COLUMN Duncan Stuart

When it comes to home heating, I’m a sucker for open fireplaces. I don’t mean those modern ones with the ceramic logs and the instant ignition at the touch of a button; I mean any good old-fashioned wood-burning fire, which takes half an hour to get started. It’s a primal thing; man and fire. I love the crackle and drama of a fire as it roars into life, burns brightly, then subsides gently into glowing embers.

A hundred years ago, when I was 10, it was often my job as a kid to bring in the firewood and get the fire started. First I would tear and crumple newspapers and lay them across the bottom of the grate. Next the twigs and kindling. Now for a couple of artfully placed smallish logs of sweet smelling macrocarpa or pine. I was ready.

Now the ceremony of the beehive matches, snicking a redheaded match against the striker pad. It would flare with its diabolical sulphurous tang. Quickly, I would light the edges of the crumpled up Howick Post and watch as the orange and blue flames ate gradually at the edges.

It was like watching the opening credits of Bonanza.

Gathering heat, and momentum, the flames would start attacking the twigs and kindling, and now these too would be devoured. By now the fire was beginning to roar, and with that roar came the sizzle of the damp logs. Yet I knew precisely how much kindling to stock in the grate, and how much it would take for the fire to gradually, inevitable, claim the heart and soul of those logs.

Or at least I thought I did. In reality about 50 per cent of the time those logs never caught. Running out of kindling I would begin to anxiously peel bark off the macrocarpa and add these gummy strips to the remnants of the fire.

“You got the fire lit yet?” asked mum from the kitchen. “Just about!” I would confidently reply.

By now the fireplace was a smoky mess of twiggy embers, and if it was blowing a southerly outside, then half the smoke was puffing out from the fireplace and into the living room: huge wafting clouds of sour newspaper fumes.

It wasn’t always this way of course, but my fire lighting failures occurred just often enough for me to never, ever, forget.

Yet in 2003 I did forget. We had purchased a villa to renovate, and we prized the Victorian brick fireplace. We even did the right thing, which before September 2005, was to buy a steel open fronted fireplace that complied in terms of thermal efficiency.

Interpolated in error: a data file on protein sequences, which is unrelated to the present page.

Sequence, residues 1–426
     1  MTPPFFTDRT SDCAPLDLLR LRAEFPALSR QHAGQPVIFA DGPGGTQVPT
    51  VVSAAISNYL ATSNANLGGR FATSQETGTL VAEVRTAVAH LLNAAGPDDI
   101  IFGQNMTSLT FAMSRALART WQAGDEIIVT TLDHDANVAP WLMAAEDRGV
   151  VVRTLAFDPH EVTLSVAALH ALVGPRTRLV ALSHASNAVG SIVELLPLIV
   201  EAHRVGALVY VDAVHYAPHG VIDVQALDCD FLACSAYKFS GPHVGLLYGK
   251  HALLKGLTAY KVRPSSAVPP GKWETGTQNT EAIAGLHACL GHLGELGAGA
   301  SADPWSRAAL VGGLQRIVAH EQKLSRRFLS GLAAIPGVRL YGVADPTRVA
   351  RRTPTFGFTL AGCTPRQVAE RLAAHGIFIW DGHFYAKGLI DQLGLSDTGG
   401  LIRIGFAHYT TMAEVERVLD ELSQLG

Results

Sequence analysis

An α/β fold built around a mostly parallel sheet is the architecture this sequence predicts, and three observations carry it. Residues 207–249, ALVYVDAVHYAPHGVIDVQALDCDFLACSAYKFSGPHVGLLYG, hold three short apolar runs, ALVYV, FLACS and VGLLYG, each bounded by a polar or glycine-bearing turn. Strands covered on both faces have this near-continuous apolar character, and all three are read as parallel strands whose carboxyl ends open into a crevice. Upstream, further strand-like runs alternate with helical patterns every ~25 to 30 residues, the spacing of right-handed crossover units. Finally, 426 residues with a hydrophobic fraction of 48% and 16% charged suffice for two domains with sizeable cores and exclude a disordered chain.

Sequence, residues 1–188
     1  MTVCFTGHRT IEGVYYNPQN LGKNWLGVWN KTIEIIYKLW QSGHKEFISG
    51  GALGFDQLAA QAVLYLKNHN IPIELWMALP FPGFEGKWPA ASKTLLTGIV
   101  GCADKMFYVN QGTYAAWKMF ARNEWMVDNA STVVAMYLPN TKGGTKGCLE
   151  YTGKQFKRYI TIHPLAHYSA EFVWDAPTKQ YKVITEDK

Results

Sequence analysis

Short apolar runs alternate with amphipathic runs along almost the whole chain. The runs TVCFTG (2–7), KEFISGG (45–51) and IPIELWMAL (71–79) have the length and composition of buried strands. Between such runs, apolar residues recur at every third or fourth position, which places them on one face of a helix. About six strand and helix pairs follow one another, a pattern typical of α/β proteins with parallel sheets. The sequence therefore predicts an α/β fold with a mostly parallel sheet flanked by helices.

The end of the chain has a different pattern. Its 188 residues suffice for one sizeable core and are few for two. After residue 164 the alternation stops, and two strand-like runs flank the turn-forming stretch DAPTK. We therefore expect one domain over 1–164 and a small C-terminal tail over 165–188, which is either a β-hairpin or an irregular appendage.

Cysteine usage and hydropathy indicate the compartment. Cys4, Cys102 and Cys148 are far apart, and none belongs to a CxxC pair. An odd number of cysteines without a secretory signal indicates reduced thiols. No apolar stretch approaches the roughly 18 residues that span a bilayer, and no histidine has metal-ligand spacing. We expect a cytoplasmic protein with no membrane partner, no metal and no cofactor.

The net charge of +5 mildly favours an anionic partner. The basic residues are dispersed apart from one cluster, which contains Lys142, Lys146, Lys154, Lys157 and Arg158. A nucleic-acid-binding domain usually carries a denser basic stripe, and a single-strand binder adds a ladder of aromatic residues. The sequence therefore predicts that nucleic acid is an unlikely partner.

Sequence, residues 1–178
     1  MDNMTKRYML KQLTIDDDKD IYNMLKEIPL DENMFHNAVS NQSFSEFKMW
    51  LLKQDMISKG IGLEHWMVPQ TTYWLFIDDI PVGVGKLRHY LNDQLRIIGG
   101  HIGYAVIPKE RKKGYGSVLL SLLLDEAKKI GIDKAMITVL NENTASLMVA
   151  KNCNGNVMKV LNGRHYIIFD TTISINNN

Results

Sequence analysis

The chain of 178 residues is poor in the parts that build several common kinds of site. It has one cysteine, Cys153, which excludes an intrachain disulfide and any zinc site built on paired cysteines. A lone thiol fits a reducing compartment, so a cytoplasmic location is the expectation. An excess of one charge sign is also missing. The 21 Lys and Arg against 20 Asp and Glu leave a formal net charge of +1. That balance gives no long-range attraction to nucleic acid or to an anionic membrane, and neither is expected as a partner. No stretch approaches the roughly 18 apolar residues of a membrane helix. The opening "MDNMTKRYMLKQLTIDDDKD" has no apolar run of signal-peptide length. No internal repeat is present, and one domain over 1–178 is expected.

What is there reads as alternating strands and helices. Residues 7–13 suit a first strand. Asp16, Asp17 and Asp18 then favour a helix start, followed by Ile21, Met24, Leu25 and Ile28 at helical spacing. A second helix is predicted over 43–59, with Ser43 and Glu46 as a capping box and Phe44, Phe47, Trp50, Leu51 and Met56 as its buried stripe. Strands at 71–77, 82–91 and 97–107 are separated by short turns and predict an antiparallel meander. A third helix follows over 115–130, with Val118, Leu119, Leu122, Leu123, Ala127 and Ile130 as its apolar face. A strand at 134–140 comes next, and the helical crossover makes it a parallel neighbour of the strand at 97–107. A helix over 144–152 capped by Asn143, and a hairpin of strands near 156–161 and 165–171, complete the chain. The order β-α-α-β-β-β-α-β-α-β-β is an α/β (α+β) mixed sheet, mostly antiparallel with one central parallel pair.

But I remember distinctly the winter’s day we first lit the fire. Naturally I assumed the job, and put my extensive experience of fire lighting to the task.

It wasn’t blowing a southerly that day, it wasn’t blowing at all. What I’d forgotten was that the fireplace had an adjustable flue vent, and you had to open it up wide when you lit the fire, then gradually close it down as the fire grew hotter and less smoky. Doing it properly meant that the modern fireplace would throw cascades of warm air back into the lounge: an invisible upwards Niagara of heat.

But that first time, I threw the lever into the wrong direction. It was like learning to drive and trying to take off in top gear. The fire coughed, threw a billow of smoke, and for a week the stench of burnt newspapers pervaded our freshly renovated home.

We got better at it, and enjoyed many beautiful evenings mesmerised by the crackle of macrocarpa and, later, the glowing embers that marked bedtime.

Modern closed wood burners are more efficient. And those gas burning faux fireplaces are almost as good as the real thing, and don’t spit dangerous sparks onto the living room rug. Underfloor heating has no mess, and no drama, and the whole house gets heated evenly and comfortably. With modern systems you don’t have venting issues or the build-up of damp.

But those evenings of playing cards with Dad by the shimmering glow of the flames, or toasting marshmallows on a stick on a winter’s night while listening to Pete Sinclair count down the Top 20: these are magic memories. I doubt I would have had these if we had had a heating system compliant and approved by today’s local council.

You might be interested in reading: Home heating options.

 

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This column by Duncan Stuart featured on page 119 in Issue 019 of Renovate Magazine. Renovate Magazine is an easy to use resource providing fresh inspiration and motivation at every turn of the page. 

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